Thursday, January 29, 2015

Cultivating Your “Edge”

by Janet M. Shlaes, Ph.D.

Your “edge” empowers you to generate high probability outcomes in every life domain; it provides the requisite strategic advantage to leverage your strengths, skills and desires. Who wouldn’t want that?
Having spent a great deal of my professional life in the financial industry, first as a trader and then as a recruiter and trainer and coach for electronic traders, the concept of the “edge” or strategic advantage is a familiar one that maps across many industries. The “edge” provided traders with the means to fully utilize their strengths in order to consistently produce positive outcomes. This doesn’t mean the traders never experienced losses. Losses are part of all life domains, including the trading world. What optimally cultivating the “edge” in the trading world provided was a net profit over time; the length of time depended on the trader’s intention, financial commitment, trading approach and financial/emotional capacity.

Those of you outside of the trading world can utilize the seven essential “edge” qualities from the trading world to cultivate strategic advantages in most life arenas. These interconnected qualities, when combined, serve to leverage your unique skills and motivators in your chosen arena. Seven requisite qualities for cultivating your “edge” and resultant strategic advantage include:
1.      Information: Successful traders, particularly High Frequency Traders, know that being on top of critical information consistently provides them with a strategic advantage. They are willing to devote substantial financial resources in order to obtain critical information for acquiring a strategic advantage.

2.      Mastery: Mastery of the critical elements of your desired arena is essential for gaining and maintaining your “edge.” It’s not enough to have information, you need to fully understand the specific hierarchy and relevance of critical information. Specifically, what are the elements in your field that are necessary and sufficient for success? How do these elements fit together? Which elements are critical leverage points? Which elements are necessary but not sufficient? Is there room for creativity or do these elements need to be combined in a specific manner?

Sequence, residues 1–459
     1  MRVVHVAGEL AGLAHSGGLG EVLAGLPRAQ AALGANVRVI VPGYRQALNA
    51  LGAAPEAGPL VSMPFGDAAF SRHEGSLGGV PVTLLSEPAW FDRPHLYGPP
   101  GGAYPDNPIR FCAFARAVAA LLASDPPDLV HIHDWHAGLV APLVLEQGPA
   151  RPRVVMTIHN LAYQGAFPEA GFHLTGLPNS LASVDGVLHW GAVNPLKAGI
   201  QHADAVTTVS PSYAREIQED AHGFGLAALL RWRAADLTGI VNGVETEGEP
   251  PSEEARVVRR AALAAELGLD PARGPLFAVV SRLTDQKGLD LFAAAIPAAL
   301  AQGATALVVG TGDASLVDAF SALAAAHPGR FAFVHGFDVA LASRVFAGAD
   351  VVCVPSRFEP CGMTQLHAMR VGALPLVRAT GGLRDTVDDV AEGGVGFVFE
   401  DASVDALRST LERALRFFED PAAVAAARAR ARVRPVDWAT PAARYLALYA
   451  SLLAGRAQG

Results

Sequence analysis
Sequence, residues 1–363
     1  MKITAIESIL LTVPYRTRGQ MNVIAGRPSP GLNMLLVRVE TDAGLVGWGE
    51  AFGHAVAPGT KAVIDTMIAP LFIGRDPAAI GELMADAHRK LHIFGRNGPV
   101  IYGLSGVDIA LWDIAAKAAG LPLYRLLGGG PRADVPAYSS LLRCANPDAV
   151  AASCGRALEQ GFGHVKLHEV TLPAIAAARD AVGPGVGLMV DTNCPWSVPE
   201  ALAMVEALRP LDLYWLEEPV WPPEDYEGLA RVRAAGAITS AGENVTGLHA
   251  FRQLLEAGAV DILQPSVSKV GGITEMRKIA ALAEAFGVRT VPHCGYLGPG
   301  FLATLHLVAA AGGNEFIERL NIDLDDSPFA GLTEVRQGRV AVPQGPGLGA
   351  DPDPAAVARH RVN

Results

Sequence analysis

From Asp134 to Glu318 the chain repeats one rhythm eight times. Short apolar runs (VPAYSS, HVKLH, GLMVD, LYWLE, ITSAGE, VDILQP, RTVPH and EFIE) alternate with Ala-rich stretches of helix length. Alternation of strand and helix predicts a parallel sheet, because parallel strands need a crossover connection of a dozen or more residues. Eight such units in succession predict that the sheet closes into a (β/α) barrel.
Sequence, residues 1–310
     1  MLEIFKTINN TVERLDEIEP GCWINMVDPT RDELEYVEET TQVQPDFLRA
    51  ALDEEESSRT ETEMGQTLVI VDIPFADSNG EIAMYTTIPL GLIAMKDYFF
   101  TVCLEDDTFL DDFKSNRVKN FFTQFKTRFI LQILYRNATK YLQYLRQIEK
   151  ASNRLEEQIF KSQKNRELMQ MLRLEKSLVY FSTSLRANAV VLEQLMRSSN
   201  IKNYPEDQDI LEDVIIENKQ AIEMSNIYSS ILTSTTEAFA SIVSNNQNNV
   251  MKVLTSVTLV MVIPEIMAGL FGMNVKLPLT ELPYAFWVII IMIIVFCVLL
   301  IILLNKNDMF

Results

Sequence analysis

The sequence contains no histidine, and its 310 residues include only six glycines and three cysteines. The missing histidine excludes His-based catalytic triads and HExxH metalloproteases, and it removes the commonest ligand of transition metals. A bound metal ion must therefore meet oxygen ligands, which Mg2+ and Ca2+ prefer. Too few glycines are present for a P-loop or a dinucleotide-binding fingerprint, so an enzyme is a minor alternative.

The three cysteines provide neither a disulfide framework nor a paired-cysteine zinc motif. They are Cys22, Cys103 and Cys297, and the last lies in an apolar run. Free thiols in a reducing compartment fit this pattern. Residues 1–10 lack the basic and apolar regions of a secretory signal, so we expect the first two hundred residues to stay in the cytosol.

3.      Self-Awareness: Self-awareness is essential for mastery and includes many factors that, although may often seem non-rational, significantly impact your actions and your results. For example, what is your ability to tolerate risk? What do you do when faced with real and/or potential loss – do you act proactively, reactively or freeze? What are the potential consequences for your characteristic approach to risk? How do you handle conflict – do you characteristically confront or avoid?

4.      Speed: In a world of warp-speed change, it’s essential to act quickly, proactively and defensively. In the trading world the ultimate goal is to increase the outcome of profitable trades and decrease your risk and losses on trades that have turned against you. Many traders freeze when faced with new information, losses, perceived additional risk and even gains; it’s not unusual to limit profits and expand losses when faced with risk, fear and a lack of mastery of critical elements and self-awareness.

5.      Creativity: Creativity requires both expansion and contraction, essentially the capacity to simultaneously think inside and outside of the box. Sometimes you need to limit your options/choices in order to maximize your creativity. Creativity calls for the ability to honor and bring the best of the past into the present and generate new approaches for the future. Think of this as taking the optimal existing critical elements and putting them together creatively to generate multiple leverage points.

6.      Discipline:  Disciple entails generating a strategy and sticking to it, recognizing when critical elements have shifted and your original plan is now irrelevant and being so well versed in your original and alternative strategies that you can shift into action in spite of any discomfort or fear that is generated via change. Anxiety, fear and discomfort are normal elements of working with risk and change. Discipline allows you to utilize these elements strategically to move you forward, rather than be sabotaged by them.

7.    Neutrality: Many think that neutrality is about not caring, however, without caring about what you are doing and being a force to bring your desired outcome into the world, you would not be able to generate the requisite motivation and energy for strategizing and taking action. True neutrality is about not being attached to your outcomes, learning from mistakes and setbacks and utilizing these lessons strategically to increase your “edge” in future endeavors.

Learning to cultivate your “edge” via the seven requisite qualities detailed above requires an investment of your intellectual, physical and emotional energy, as well as your commitment to excellence. What one action will you take today to cultivate your “edge?”


Check out the links below for additional posts to help you “Cultivate Your ‘Edge’.”

Are Your SMART Goals Smart Enough?

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